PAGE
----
A part of this view­ing list: Cri­te­ri­on Col­lec­tion Spine #10: Nicholas Roeg’s Walk­a­bout.

It is prob­a­bly just me, but it seems like the 1970s were filled with films fea­tur­ing nubile and naked young Aus­tralian women in Edenic set­tings. Walk­a­bout is one of those films. I could put a full frontal pic­ture of Jen­ny Agutter’s char­ac­ter here, but instead here is a pic­ture of her father com­mit­ting sui­cide.


While the nudi­ty is inter­est­ing from a cer­tain point of view [and we’ll get back to that, oh yes we will] the film isn’t real­ly as shal­low as it has some­times been billed. [Check out the exploita­tive play­bills which use black-man-fuck­ing-a-white-girl-jun­gle-prim­i­tivism to tit­il­late, as an exam­ple.]

Essen­tial­ly, the ten­sion of the movie revolves around growth into a soci­ety, learn­ing to adopt the roles and rules par­tic­u­lar to each one. Although the young Abo­rig­ine man and the young Aussie girl are as far apart social­ly as they can be, they are both pro­gress­ing through their own cul­ture-spe­cif­ic lim­i­nal phase. Suc­cess­ful com­ple­tion indi­cates adult­hood. We’ll get back to that as well.

The plot: Dad­dy takes his kids out on Hol­i­day to the desert, tries to kill them, and then kills him­self. The Nubile Young Mid­dle-class White Woman in her Short-skirt­ed School­girl out­fit takes her Lit­tle Broth­er into the Desert. They almost die from Expo­sure until they meet the Near­ly-Naked Young Black Man [an inter­est­ing paper could be writ­ten about the sig­nif­i­cance of the order of adjec­tives used to mod­i­fy human-ref­er­ent nouns] who is Wise in the Ways of Nature and agrees to Take Them Home. Essen­tial­ly it is mere­ly a mod­i­fi­ca­tion of the basic nar­ra­tive struc­ture: Two men set across a val­ley, have many adven­tures, and return home safe­ly.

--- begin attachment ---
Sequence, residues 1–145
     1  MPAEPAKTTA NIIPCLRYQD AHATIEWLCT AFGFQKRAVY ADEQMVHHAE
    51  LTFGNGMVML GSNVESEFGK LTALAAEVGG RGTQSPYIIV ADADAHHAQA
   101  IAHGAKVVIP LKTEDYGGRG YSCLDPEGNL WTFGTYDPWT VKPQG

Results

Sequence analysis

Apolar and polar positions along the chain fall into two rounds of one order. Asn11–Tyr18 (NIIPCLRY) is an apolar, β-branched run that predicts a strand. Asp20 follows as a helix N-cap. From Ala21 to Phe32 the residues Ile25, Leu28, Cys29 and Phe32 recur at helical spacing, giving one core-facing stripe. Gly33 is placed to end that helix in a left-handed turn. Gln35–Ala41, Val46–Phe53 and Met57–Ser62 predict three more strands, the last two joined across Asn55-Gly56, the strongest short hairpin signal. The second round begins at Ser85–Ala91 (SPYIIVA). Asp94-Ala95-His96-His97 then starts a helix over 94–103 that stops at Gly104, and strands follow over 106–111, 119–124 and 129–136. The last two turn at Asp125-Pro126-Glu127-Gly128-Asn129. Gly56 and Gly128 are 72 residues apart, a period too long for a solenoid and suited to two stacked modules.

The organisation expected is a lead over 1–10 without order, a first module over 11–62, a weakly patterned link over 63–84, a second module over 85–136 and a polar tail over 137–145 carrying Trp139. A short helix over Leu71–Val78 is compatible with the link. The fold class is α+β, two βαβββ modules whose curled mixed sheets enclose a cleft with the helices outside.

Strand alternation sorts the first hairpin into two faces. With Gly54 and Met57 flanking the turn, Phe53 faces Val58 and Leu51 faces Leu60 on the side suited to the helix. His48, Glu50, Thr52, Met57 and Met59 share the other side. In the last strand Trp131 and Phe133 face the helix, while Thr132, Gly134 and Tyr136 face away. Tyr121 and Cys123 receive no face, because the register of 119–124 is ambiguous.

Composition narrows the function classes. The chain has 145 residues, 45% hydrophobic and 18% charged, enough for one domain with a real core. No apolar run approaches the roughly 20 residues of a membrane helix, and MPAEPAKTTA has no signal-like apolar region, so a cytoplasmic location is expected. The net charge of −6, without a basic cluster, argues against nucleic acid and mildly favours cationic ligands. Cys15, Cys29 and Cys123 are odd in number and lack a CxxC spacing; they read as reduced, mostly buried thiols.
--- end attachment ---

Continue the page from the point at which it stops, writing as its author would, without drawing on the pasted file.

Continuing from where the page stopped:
There are two main things that I should write about. The first is the cul­ture gap between the Abo­rig­ine and the girl. To do this, I will start with the lit­tle boy, who makes a rel­a­tive­ly effec­tive bridge between the two, he can com­mu­ni­cate with either of them and also serves to indi­cate that the lim­i­nal phase is some­thing that is only entered at a cer­tain age and under cer­tain con­di­tions. The girl is by turns admirable and annoy­ing. Despite her igno­rance of the out­back, she is deter­mined to save her broth­er and her­self, and is well pre­pared to keep them moti­vat­ed. Once the black boy shows up, she becomes com­plete­ly use­less, expect­ing him to do all the work. This prob­a­bly stems both from a racial dis­dain and a cul­tur­al­ly instilled depen­dence on a strong male fig­ure. She is con­stant­ly wash­ing her clothes and try­ing to make her­self remain as pret­ty as pos­si­ble, as if she weren’t in the mid­dle of the feck­ing wilder­ness. This prob­a­bly helps keep her spir­its up, but it def­i­nite­ly shows how alien she is in her sur­round­ings.